Skip to main content
  Pregnancy eMagazine

Getting pregnant: Being physically prepared

Many women don't realize they're pregnant until several weeks after conception, sometimes even longer. It's important to be practicing healthy habits even before become pregnant, because early pregnancy is one of the most vulnerable, delicate times for the developing embryo.

There are many things you can do to make sure you're in good physical shape to carry a child. Here are some of them.

Take folic acid supplements now to lower risk of brain and spinal cord problems.

You may already have heard that it's important for pregnant women to take folic acid supplements. Women who get enough folic acid have a much lower risk of giving birth to a child with brain and spinal cord problems.

It is during the first few weeks of pregnancy that folic acid has the greatest benefits in preventing spina bifida and other birth defects. All women of child-bearing age should take 400 micrograms of folic acid every day. Pregnant women should take 800 micrograms.

Foods rich in folic acid include green leafy vegetables, foods in the cabbage family (broccoli, cauliflower, brussels sprouts), some fruits (oranges, cantaloupe, bananas), milk, grains, organ meats (like liver) and dried beans.

If you smoke, do whatever you can to stop.

Smoking during pregnancy can cause miscarriage and bleeding. Your baby may be born too early and/or have low birth weight. Premature and low birth weight babies tend to have more developmental problems than full-term babies of normal weight.

Quitting smoking can be pretty difficult for most people. Maybe you've even tried before, but weren't successful. Don't hesitate to ask your doctor for help. It's better to go through the difficulty before you're pregnant rather than in the beginning of a pregnancy, when you may be feeling queasy or tired.

Learn ways to quit smoking.

Maintain a healthy weight.

If you're planning on becoming pregnant, it's a good idea to set a goal weight for yourself and do your best to reach that goal through healthy eating and exercise. Here's why:

  • Being underweight can make it harder than usual to get pregnant.
  • Being overweight can increase your risk of developing high blood pressure and diabetes during pregnancy. You're also likely to be less comfortable as the pregnancy progresses.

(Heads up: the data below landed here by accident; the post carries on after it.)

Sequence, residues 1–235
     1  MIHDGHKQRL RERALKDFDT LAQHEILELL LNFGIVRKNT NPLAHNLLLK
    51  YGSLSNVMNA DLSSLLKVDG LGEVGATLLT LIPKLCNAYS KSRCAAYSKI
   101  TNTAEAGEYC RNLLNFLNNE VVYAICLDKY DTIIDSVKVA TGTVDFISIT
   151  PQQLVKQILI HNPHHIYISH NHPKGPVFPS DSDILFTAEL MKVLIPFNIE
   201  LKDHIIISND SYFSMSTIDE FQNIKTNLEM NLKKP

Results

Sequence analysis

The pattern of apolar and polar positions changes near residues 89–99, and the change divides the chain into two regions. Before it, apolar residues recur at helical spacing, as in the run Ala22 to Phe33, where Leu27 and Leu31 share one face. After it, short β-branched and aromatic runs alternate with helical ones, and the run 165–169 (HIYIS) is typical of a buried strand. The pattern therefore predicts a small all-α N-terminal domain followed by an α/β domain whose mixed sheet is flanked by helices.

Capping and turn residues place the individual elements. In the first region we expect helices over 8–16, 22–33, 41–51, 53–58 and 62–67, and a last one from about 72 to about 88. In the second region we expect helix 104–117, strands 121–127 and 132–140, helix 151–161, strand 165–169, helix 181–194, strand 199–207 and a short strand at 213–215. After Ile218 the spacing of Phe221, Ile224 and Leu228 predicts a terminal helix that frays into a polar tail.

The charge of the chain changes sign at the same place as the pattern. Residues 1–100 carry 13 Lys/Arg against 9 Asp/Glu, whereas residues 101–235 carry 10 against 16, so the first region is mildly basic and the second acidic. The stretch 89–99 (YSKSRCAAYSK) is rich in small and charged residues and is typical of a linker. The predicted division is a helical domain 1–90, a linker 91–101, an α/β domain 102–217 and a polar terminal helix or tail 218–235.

Exercise is important before and during pregnancy. It conditions the mother for labor, helps prevent unnecessary weight gain and generally improves her overall health. Remember, check with your doctor before beginning an exercise program.

Avoid alcohol and drugs.

Drinking beer, wine or hard liquor can cause your child to have fetal alcohol syndrome.

Taking illegal drugs increases your chance of miscarriage, premature births and birth defects of the baby. Sometimes a baby can be born addicted to drugs, and has to go through withdrawal after birth. If you are taking any illegal drugs, be honest with your doctor about it. It's the best way to get help as you try to stop.

Learn more about alcohol use during pregnancy.

Visit your doctor.

A visit with your doctor before you're pregnant is a great time to make sure your body is ready for pregnancy. This is the time to talk about any changes you should make to your diet and exercise program, especially if your weight is too high or low.

Your doctor can also evaluate your general health status, take your health history and find out whether there are any vaccines you should take, vitamins you should start, etc. It makes a lot of sense to get any problems you might have under control before the pregnancy begins.

Related Links


Source: American Academy of Family Physicians; American Academy of Pediatrics; US Food and Drug Administration

First published: 09/05/2000
Last updated: 10/14/2007

Reviewed by: Michael Slama, MD, Allina Health Mercy Women's Health Clinic